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Strategies to Get Your Kid to Open Up
This is a guest article provided by Sam Evans. Sam Evans is the Marketing Manager at MovingBabies, a leading online resource for parents specialising in the areas of infant and childcare. The site offers reviews and buying guides to help their clients make the process of parenthood more accessible. Find them on Facebook and Twitter.
Do you remember when your toddler never stopped talking and asking unending questions? There were days you even secretly wished you could teleport to some relaxing beach or wear earplugs, just so that you could get some peace. Then school happened, and like a thief in the night, your child ‘grew up.’
I’m sure that there are times now when you wish that things would go back to how they used to be. However, with growing up, kids no longer fancy talking to their parents about school issues or any other issues for that fact. It is somewhat of a common side effect in most school kids. Fortunately for you, there are a few tips that can help you jump-start the conversation again.
Learn How to Jump-Start Conversations with Your Kids Today
Children find it hard to open up about their lives in this pop-culture and tech-savvy millennium. However, even with the internet taking up the role of parenting and counseling, children still need a little guidance from you. Here are some tips to help you and your kid become conversation champions and grow closer together.
#01. Steer Your Kids into Becoming Emotionally Literate
Assist your kids in telling their story. We always focus on academics, but we tend to forget that they also need to be able to tell their story from beginning to end. Remember, a problem shared is a problem half solved. Therefore, you will be in a better position to help them address their issues when they articulate them. They might take longer to get to the point and schedules must be followed. However, they are still kids, and you should slow down for two minutes to ask action questions like ‘What did they say?’ or ‘What happened next?” Your kid will feel heard and encouraged to express their emotions.
#02. Pay Attention to the Superficial
Details matter. Kids live in the trivial, and they easily scare when you try to dig for deeper feeling. So, dwell in the superficial and more often, superficial questions lead to them telling you about what is truly going on.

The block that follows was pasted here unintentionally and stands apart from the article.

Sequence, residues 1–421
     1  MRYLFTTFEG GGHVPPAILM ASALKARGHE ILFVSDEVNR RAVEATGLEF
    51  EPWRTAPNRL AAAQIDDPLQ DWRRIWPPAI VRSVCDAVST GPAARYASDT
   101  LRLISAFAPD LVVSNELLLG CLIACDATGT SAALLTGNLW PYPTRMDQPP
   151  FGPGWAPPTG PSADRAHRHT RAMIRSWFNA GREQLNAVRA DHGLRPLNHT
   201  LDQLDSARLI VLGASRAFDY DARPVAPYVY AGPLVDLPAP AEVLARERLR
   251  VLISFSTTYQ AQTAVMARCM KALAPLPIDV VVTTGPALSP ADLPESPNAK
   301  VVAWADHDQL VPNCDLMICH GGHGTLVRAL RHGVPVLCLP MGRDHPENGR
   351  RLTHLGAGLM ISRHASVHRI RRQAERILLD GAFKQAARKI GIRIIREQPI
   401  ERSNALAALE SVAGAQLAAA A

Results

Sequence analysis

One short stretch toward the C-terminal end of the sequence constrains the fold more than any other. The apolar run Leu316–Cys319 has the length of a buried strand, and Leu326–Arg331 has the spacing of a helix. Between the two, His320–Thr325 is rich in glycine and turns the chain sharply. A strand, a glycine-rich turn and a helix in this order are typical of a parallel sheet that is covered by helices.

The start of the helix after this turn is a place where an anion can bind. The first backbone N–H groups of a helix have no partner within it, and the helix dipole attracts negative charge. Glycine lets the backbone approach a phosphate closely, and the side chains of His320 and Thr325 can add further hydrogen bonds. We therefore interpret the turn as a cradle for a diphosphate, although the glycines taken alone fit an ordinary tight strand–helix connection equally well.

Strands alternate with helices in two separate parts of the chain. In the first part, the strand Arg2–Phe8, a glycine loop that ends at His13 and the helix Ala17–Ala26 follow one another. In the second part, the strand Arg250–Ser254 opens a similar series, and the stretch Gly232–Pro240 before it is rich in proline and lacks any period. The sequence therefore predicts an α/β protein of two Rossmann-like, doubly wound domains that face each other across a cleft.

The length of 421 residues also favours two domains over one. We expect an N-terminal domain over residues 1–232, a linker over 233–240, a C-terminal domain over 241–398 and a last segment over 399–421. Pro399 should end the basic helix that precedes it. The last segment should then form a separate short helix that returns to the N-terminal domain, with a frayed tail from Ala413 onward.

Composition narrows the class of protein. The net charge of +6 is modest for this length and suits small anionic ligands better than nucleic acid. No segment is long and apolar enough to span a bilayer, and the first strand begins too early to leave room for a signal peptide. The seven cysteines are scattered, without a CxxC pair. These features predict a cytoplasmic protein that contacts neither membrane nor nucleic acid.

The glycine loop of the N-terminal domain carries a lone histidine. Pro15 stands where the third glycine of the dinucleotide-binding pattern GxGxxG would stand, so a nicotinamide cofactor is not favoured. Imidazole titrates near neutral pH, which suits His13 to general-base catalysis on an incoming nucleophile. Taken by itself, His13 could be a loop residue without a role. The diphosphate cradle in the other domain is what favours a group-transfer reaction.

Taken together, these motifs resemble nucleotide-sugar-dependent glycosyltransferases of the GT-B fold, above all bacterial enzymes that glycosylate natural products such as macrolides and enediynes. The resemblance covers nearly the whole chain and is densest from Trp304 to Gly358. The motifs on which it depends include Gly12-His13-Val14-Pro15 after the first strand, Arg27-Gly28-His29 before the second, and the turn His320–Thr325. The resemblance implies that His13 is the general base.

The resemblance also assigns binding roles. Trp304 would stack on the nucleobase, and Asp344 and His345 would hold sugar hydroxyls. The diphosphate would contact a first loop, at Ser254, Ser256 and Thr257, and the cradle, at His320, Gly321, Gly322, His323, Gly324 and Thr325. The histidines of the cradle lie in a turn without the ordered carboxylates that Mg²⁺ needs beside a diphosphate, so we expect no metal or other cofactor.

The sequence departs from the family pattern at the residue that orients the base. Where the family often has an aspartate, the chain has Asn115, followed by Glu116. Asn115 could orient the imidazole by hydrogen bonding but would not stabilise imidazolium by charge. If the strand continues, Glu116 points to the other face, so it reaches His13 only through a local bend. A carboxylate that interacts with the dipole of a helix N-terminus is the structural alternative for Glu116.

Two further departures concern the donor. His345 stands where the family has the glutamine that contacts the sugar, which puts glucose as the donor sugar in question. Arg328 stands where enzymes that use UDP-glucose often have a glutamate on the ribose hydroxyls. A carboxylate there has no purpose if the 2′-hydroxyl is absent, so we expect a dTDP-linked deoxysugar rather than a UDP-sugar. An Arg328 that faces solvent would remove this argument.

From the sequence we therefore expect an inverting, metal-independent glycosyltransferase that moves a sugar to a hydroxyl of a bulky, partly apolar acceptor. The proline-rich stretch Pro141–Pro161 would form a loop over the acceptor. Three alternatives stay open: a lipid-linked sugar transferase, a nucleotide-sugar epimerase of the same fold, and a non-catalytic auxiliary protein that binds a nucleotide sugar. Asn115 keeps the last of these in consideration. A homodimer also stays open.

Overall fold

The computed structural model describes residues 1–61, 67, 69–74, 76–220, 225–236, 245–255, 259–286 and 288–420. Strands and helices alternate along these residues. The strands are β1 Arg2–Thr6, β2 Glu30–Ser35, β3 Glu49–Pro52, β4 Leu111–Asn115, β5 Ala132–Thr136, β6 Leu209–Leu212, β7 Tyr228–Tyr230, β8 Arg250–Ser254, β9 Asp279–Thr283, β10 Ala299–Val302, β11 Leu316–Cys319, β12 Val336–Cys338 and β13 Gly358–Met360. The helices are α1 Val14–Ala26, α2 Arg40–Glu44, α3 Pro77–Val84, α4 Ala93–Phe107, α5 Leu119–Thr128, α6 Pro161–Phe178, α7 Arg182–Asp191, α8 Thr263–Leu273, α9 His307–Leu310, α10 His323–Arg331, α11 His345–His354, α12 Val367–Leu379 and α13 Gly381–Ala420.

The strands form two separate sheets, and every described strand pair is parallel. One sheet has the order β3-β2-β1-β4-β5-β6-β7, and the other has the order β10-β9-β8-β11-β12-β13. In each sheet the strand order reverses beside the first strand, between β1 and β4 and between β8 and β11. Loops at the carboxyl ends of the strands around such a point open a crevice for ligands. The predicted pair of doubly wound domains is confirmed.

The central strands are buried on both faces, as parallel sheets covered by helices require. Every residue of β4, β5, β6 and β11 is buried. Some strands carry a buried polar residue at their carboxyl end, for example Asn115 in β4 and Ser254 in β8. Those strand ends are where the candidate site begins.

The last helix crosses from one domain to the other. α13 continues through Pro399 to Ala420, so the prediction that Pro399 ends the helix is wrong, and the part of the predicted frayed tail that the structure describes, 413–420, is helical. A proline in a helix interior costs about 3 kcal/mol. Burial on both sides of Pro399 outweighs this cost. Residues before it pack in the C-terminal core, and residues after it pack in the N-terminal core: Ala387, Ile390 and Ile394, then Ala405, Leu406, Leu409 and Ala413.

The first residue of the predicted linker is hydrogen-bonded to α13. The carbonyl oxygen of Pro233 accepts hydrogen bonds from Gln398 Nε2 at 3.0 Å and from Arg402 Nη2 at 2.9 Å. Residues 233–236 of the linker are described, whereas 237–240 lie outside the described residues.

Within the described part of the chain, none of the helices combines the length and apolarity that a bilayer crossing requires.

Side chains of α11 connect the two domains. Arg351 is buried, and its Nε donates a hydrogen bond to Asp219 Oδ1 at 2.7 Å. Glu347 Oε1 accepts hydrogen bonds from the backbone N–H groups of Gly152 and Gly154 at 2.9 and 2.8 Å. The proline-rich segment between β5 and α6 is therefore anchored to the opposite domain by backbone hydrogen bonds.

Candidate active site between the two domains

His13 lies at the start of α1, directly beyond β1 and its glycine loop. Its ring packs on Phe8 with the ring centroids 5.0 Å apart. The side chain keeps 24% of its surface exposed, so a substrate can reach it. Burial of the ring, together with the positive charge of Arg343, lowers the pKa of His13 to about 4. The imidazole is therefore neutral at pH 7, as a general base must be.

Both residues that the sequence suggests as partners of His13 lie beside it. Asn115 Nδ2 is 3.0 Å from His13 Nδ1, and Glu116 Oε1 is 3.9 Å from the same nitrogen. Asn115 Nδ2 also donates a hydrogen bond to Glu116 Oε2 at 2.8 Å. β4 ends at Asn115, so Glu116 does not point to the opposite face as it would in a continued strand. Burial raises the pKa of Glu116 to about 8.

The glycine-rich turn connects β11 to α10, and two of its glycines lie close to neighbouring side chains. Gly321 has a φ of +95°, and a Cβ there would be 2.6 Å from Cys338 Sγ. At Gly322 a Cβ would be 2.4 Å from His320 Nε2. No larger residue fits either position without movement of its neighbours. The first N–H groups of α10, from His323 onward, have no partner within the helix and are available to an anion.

#03. Sneak in Some Conversation During Your In-Betweens
Gone are the days when parents force kids to talk about school and other activities at a scheduled time during the week. With these harsh times, you have to find ways to make them let you in, and there is no better time than in between your activities together. You can be building a snowman, going for a walk or driving to school. Going for a walk is great, especially if your children are younger, as you can put them in their double stroller, strap them in, and as you walk point out interesting things around them. Equally driving to school in the mornings with your children in their car seats or booster seats presents an excellent, concentrated time to chat about the upcoming day and help them mentally prepare for what will happen during the day. These times and activities loosen tongues because you and your children are not looking at each other. Because you are in parallel positions sharing becomes as easy as walking through the park.
#04. Try Creating Talking Rituals
Try observing your kid’s conversational styles. You have probably heard about attentional styles, mannerisms in which an individual tends to focus attention on the environment differentially along two dimensions. However, kids tend to have hard-wired conversational styles that do not change much. One can be a lively morning talker; another is barely human before the bus arrives, but no-holds-barred banter after school and another needs to talk at a slower pace. The secret to openness is not to change what is unchangeable, but instead respecting their natural times and talking mannerisms. Take five or ten minutes of downtime side-by-side in the evening and make that connection with them.
#05. Give It A Personal Touch
Respond to your child with real emotion whenever they bring up topics with you. Don’t respond with ‘over-the-top reactions’ or see it as the opportune time to become therapeutic. Nodding your head, naming feelings, and reflecting back serve as terrific ways to respond to your kids they are incredibly young, upset, sick or in fear. For the daily tracking, however, you need to pay close attention to their lives. So, respond like an actual person. “I love what you said to Hillary; it touches my heart.” In any case are we not all attracted to genuine responses?
Give these steps a try today and you will re-kindle the good old opening-up days with your kids!
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